". . .Bush administration officials scrambled Monday to negotiate side deals that might get them the two dozen or so additional votes needed to ensure passage. By day's end, they appeared to have nailed down at least five," write Vieth and Simon of the Los Angeles Times. LINK
"Vote counters on both sides of the issue said it remained unclear whether President Bush would prevail when CAFTA came up for a vote in the House, expected Wednesday or Thursday."
The Los Angeles Times' Simon reports the energy bill continues to clear hurdles and move toward that pre-recess passage. LINK
President Bush pledged to a group of African American leaders to redouble his efforts in applying pressure to corporations to give more money to faith-based organizations, reports the Los Angeles Times' Peter Wallsten. LINK
The politics of national security:
The New York Times says, "The Bush administration is retooling its slogan for the fight against Al Qaeda and other terrorist groups, pushing the idea that the long-term struggle is as much an ideological battle as a military mission, senior administration and military officials said Monday." The article by Schmitt and Shanker can be read here: LINK
"Democrats for Life" are seeking a more formal relationship with the DNC, reports The Hill's Alexander Bolton. LINK
Another big Boston Globe day for the guy in the corner office.
Gov. Mitt Romney penned a Boston Globe op-ed today to explain his decision to veto the morning-after pill bill. LINK
"Signing such a measure into law would violate the promise I made to the citizens of Massachusetts when I ran for governor. I pledged that I would not change our abortion laws either to restrict abortion or to facilitate it. What's more, this particular bill does not require parental consent even for young teenagers. It disregards not only the seriousness of abortion but the importance of parental involvement and so would weaken a protection I am committed to uphold," he writes.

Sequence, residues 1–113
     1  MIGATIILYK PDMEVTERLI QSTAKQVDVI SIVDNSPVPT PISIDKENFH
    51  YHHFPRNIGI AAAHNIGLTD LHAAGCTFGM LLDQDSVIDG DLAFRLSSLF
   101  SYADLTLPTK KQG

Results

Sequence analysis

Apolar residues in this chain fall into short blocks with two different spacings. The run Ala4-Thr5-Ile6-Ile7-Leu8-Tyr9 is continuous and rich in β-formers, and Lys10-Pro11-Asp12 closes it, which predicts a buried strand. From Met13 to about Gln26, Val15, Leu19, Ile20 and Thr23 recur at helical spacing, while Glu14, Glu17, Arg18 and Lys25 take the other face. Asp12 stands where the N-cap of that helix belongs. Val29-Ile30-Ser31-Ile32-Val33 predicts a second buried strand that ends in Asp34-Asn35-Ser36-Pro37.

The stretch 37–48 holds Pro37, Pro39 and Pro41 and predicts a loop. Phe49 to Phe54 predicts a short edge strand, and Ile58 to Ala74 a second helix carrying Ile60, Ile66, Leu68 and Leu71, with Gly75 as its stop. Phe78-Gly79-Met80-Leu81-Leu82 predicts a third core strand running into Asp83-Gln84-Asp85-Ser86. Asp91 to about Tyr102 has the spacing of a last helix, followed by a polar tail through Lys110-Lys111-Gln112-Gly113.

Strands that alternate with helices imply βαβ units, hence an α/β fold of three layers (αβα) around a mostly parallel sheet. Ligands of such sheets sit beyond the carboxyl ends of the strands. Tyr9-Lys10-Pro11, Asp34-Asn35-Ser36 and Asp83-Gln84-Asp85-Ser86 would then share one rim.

More Romney: "Because Massachusetts is decidedly prochoice, I have respected the state's democratically held view. I have not attempted to impose my own views on the prochoice majority."
And Note this about his evolution: "In some respects, these convictions have evolved and deepened during my time as governor. In considering the issue of embryo cloning and embryo farming, I saw where the harsh logic of abortion can lead -- to the view of innocent new life as nothing more than research material or a commodity to be exploited."
Scott Greenberger covers Gov. Romney's decision to come back to Boston from his New Hampshire vacation to veto the morning-after bill "that would allow trained pharmacists to give out the morning after pill without a prescription and would require hospitals offer it to rape victims." Although nixed by the governor, the House and Senate have approved the legislation by veto-proof margins. Romney used this legislation to stance a "pro life" view on abortion and wrote to lawmakers, "'I promised the people of Massachusetts that as governor I would not change the laws of the Commonwealth as they relate to abortion.'" Many organizations are angry at the Governor's hard lined view and believe his stance has altered since his election. In 2002 Romney responded to a Planned Parenthood questionnaire and told the group he supported "'the substance of the Supreme Court decision in Roe v. Wade.'" LINK